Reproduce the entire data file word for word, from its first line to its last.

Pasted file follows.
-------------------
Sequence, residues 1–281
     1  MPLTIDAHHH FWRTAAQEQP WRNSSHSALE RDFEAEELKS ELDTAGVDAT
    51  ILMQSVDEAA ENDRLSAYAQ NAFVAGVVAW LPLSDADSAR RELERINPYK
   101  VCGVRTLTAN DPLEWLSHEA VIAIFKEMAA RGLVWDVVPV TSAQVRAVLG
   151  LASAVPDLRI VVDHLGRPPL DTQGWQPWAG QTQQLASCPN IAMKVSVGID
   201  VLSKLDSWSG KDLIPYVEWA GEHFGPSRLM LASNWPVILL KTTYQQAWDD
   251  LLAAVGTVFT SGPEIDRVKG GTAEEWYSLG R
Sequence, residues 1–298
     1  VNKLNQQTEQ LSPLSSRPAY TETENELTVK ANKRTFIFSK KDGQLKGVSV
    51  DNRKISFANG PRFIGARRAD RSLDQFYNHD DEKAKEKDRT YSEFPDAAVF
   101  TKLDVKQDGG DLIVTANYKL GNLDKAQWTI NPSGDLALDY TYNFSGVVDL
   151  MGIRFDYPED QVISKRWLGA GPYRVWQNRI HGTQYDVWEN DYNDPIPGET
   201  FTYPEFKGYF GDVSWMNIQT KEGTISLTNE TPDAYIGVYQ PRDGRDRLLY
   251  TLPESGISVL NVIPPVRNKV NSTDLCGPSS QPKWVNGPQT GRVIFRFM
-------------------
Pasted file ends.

Sequence, residues 1–281
     1  MPLTIDAHHH FWRTAAQEQP WRNSSHSALE RDFEAEELKS ELDTAGVDAT
    51  ILMQSVDEAA ENDRLSAYAQ NAFVAGVVAW LPLSDADSAR RELERINPYK
   101  VCGVRTLTAN DPLEWLSHEA VIAIFKEMAA RGLVWDVVPV TSAQVRAVLG
   151  LASAVPDLRI VVDHLGRPPL DTQGWQPWAG QTQQLASCPN IAMKVSVGID
   201  VLSKLDSWSG KDLIPYVEWA GEHFGPSRLM LASNWPVILL KTTYQQAWDD
   251  LLAAVGTVFT SGPEIDRVKG GTAEEWYSLG R
Sequence, residues 1–298
     1  VNKLNQQTEQ LSPLSSRPAY TETENELTVK ANKRTFIFSK KDGQLKGVSV
    51  DNRKISFANG PRFIGARRAD RSLDQFYNHD DEKAKEKDRT YSEFPDAAVF
   101  TKLDVKQDGG DLIVTANYKL GNLDKAQWTI NPSGDLALDY TYNFSGVVDL
   151  MGIRFDYPED QVISKRWLGA GPYRVWQNRI HGTQYDVWEN DYNDPIPGET
   201  FTYPEFKGYF GDVSWMNIQT KEGTISLTNE TPDAYIGVYQ PRDGRDRLLY
   251  TLPESGISVL NVIPPVRNKV NSTDLCGPSS QPKWVNGPQT GRVIFRFM